Friday, February 14, 2020

Saturday, February 1, 2020

January 2020 Dividend Income: We Must Protect This House

2020 is off and running.  A month has already come and gone, but that just means it's time to log the dividends of the past month.  Let's get to it.

Iron Mountain (IRM): $1.93   Up $0.06 from last quarter due to DRIP and a dividend increase.
Pepsi (PEP): $0.96   Same as last time
Franklin Resources (BEN): $1.91  Up $0.60 due to a dividend increase and DRIP
AGNC: $0.17  Same as last time
Bed, Bath, and Beyond (BBBY): $0.69  Up a penny due to DRIP
Realty Income (O): $0.71   Same as last month 
Armanino Foods (AMNF): $0.28  Same as last quarter


This brings the sub-total up to $6.65.  It's up $0.68 from last quarter, but down compared to last year.

The 401K threw in $0.46, which is down 4 cents from last quarter, but up $0.30 from last year.

This brings the grand dividend total to $7.11, up $0.64 from last quarter, but down when looking at the YOY numbers.  That is largely due to the Best Buy fluke.

Speaking of, I've got good news for those who have been flummoxed by the randomness of that particular payer. Whilst visiting family for the holidays, I went rummaging through some old papers and found a way to get my Best Buy account sorted out.  So now, they have my current residential info and I set that dividend to reinvest.  As such, not only will the pay schedule normalize going forward, but we'll also be seeing a bit more momentum added to the dividend snowball. I am going to miss those checks, but I can change it back (and even do a DRIP/payment split apparently, which is kind of cool) later on down the line.

Interest payments clocked in at $3.05, which is down from December.  I chalk this up to the fact that I have started moving money from my online savings account into the IRA's.  It's a lateral move, at face value, but given the way compounding works, it actually results in a small step back, as you can see.  The way I figure, the Roth is giving me tax free growth and the deposits in the traditional IRA are going to give me a bigger tax return (I'm still working on the 2019 contributions at this point), so I think this strategy will work out to my benefit in the long term.

No buys this month.  I said that investing was going to be light early on and it proved true here.  I'm viewing the IRA contributions as my "moves" for the month.  I was able to increase my 401K contribution, though.  My employer had originally set the limit an associate could contribute to 10% of their income, which is what I was doing, but this year they upped the contribution limit to 30%...which I can't do...yet.  My brain fought itself pretty hard on this one.  There was a lengthy internal back and forth of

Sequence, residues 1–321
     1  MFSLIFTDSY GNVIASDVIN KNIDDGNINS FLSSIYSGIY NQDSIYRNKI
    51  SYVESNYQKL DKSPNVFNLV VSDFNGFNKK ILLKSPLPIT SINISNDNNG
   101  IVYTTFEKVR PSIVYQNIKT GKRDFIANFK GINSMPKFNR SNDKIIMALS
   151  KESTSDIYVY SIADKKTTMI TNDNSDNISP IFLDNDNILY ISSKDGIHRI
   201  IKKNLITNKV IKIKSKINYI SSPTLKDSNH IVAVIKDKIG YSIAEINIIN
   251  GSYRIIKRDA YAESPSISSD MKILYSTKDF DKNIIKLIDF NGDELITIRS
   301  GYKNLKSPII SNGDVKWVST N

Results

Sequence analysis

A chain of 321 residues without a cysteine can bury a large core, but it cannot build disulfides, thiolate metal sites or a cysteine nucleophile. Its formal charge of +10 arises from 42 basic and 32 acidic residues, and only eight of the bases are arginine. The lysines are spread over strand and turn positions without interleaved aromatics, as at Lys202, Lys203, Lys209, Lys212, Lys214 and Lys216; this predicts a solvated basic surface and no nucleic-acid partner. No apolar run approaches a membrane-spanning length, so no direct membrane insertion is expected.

"Do it!"
   "Can't"
   "Do it!"
   "Can't!"
   "DOO IIIT!!!"
   "CAAAANN'T!!!"



Ultimately, I didn't, though it is a goal for me to get myself to the point where I can.  As of now, it's at 11%, a small increase, but I am at least taking advantage of the bigger window.

Overall, this wasn't a shabby way to start off the new year.  There was decent growth due to DRIP, as well as a few dividend increases.  It may not have been a blow out and there were some decreased numbers peppered throughout, but pieces are being moved into place so that, going forward, things can progress much more effectively.




           


                             "stock dividend" by CreditDebitPro is licensed under CC BY 2.0 















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Saturday, January 18, 2020

'1922' Movie Review

Reviewing this had been sitting on my to-do list for some time and I figured it was about time we got to it.  The reviews I've seen have been generally positive, as such, I was surprised to find out how utterly underwhelmed by this production I was. 

The plot follows a farmer named Wilf, who kills his wife after she inherits a lot of land and voices intent to sell it.  While Wilf does have interest in adding the land to his own, child custody also seems to be a large factor in what drives him.  True, his wife does try to force him to sell it all, but she later says that she'll sell her land and leave him be.  It seemed like the better option to lead with, but what can you do?

If we were supposed to feel sorry for Wilf's wife, it didn't work.  She comes off as intentionally unpleasant to the point where you wonder why the two are even together.  It also doesn't come as too much of a loss when she is taken out. 

Of course, Wilf doesn't fare much better.  Thomas Jane (who I hardly recognized at first) isn't really given a whole lot to work with.  All he can do is don an oddly thick Southern accent.  It's jarring and becomes grating after a while.